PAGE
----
Finding out that someone is addicted can come as a shock to many friends and relatives. But if the addiction has gripped your partner, teenage child, or someone you live with, you may also be wondering if there are any dangers the addict could bring to yourself and your loved ones.
in the How to spot a dangerous man“An Addict,” a self-help book for women who tend to be attracted to abusive men, is portrayed as one of eight types of dangerous man.
Alcohol and drug addicts, as well as those dependent on a range of behavioral addictions, including sex addiction, food addiction, problem gambling, and even achievement, appreciation, thrill and religion, are listed as dangerous men.
In addition, many of the other categories of dangerous men overlap with the addict, including the mentally ill man, the abusive or violent man, and the emotionally unavailable man. Although this book is about dangerous men and statistically more men than women are identified as addicts, women and children can of course develop addictions and be dangerous.
Certain behaviors make addicts dangerous
While addiction doesn’t automatically make you dangerous, there are a number of ways that other people can be dangerous. Whether or not an addict is dangerous depends on many factors including the severity of the addiction, the effects of the drug or the behavior itself, their underlying mental and physical health, their circumstances, and whether they perceive threats to themselves or their access to their addiction to substance or behavior.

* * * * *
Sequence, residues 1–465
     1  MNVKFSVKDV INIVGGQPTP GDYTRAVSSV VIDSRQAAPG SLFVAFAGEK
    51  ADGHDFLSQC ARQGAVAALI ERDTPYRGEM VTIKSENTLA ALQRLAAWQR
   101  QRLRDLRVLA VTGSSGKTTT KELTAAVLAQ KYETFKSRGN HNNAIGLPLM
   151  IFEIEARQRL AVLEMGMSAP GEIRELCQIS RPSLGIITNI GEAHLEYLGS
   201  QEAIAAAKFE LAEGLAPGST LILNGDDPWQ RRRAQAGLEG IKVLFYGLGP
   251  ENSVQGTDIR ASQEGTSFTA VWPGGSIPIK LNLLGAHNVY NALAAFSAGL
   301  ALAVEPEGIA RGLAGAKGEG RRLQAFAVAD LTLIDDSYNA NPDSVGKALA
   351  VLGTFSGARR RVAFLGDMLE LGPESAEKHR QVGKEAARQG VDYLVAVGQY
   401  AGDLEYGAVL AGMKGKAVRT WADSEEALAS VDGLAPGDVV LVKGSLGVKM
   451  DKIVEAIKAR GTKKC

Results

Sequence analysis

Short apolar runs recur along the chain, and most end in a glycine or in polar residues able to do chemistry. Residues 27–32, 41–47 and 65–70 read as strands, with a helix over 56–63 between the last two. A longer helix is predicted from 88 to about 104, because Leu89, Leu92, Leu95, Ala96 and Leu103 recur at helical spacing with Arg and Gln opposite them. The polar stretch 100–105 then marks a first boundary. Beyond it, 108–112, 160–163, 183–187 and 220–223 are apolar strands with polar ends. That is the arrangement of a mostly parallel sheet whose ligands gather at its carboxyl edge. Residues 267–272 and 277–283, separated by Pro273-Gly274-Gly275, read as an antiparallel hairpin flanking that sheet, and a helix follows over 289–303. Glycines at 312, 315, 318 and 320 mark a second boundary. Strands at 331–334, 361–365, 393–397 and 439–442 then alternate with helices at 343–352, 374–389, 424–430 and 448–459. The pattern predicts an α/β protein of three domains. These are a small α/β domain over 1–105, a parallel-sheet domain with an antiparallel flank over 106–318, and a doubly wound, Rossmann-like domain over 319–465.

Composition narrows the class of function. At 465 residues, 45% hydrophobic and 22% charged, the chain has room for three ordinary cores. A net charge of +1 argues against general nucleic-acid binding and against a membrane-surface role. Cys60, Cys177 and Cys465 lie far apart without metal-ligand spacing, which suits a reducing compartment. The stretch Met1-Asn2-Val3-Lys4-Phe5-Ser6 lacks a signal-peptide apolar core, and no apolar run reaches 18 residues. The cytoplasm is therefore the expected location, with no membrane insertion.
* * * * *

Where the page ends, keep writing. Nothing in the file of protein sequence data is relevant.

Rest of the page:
When people ask if addicts are dangerous, they are usually concerned about the threat of violence. Overall, people with addiction are at greater risk of violence, especially when dealing with psychoactive substances that reduce impulse control, impair judgment, and lead to the person losing control of reality.
Alcohol, meth, and cocaine are among the riskiest substances. Children, the elderly and people with disabilities are particularly at risk of violence and abuse. Vulnerable people should never be placed in the care of someone under the influence of these substances.
Other dangers include the risk of theft – from stealing cash and possessions, emptying your bank account to cover the cost of drugs, gambling, and even shopping addiction, to sexual abuse more commonly committed by people under the influence of alcohol or drugs, or by sex addicts.
You or your loved ones could also be traumatized by harming yourself, finding the addict sick or unconscious from an overdose, or being harassed by debtors or drug dealers.
While trust is important in relationships, secrecy and lying are common among addicts. So be careful if you are unsure of what their addiction means. Rebuilding trust takes time and effort, and the first step is for the addict to realize that they have a problem and need help.
If you are unable or unwilling to undergo treatment, it is important to set boundaries to protect yourself and your loved ones.